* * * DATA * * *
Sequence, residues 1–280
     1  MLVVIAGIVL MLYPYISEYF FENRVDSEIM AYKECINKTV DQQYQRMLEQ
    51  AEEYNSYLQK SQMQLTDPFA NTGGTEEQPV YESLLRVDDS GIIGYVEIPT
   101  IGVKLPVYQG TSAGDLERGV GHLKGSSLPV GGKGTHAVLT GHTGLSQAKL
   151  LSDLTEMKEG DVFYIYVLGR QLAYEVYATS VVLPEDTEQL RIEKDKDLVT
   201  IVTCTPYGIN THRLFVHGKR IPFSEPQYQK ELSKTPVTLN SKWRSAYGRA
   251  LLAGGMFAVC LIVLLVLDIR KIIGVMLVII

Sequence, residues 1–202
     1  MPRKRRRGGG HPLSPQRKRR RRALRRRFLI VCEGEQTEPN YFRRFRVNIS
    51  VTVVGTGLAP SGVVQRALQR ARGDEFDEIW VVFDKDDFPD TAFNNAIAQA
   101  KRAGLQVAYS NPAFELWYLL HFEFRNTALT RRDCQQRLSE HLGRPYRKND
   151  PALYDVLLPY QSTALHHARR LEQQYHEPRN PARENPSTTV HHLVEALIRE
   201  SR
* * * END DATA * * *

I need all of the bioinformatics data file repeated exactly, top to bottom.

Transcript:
Sequence, residues 1–280
     1  MLVVIAGIVL MLYPYISEYF FENRVDSEIM AYKECINKTV DQQYQRMLEQ
    51  AEEYNSYLQK SQMQLTDPFA NTGGTEEQPV YESLLRVDDS GIIGYVEIPT
   101  IGVKLPVYQG TSAGDLERGV GHLKGSSLPV GGKGTHAVLT GHTGLSQAKL
   151  LSDLTEMKEG DVFYIYVLGR QLAYEVYATS VVLPEDTEQL RIEKDKDLVT
   201  IVTCTPYGIN THRLFVHGKR IPFSEPQYQK ELSKTPVTLN SKWRSAYGRA
   251  LLAGGMFAVC LIVLLVLDIR KIIGVMLVII

Sequence, residues 1–202
     1  MPRKRRRGGG HPLSPQRKRR RRALRRRFLI VCEGEQTEPN YFRRFRVNIS
    51  VTVVGTGLAP SGVVQRALQR ARGDEFDEIW VVFDKDDFPD TAFNNAIAQA
   101  KRAGLQVAYS NPAFELWYLL HFEFRNTALT RRDCQQRLSE HLGRPYRKND
   151  PALYDVLLPY QSTALHHARR LEQQYHEPRN PARENPSTTV HHLVEALIRE
   201  SR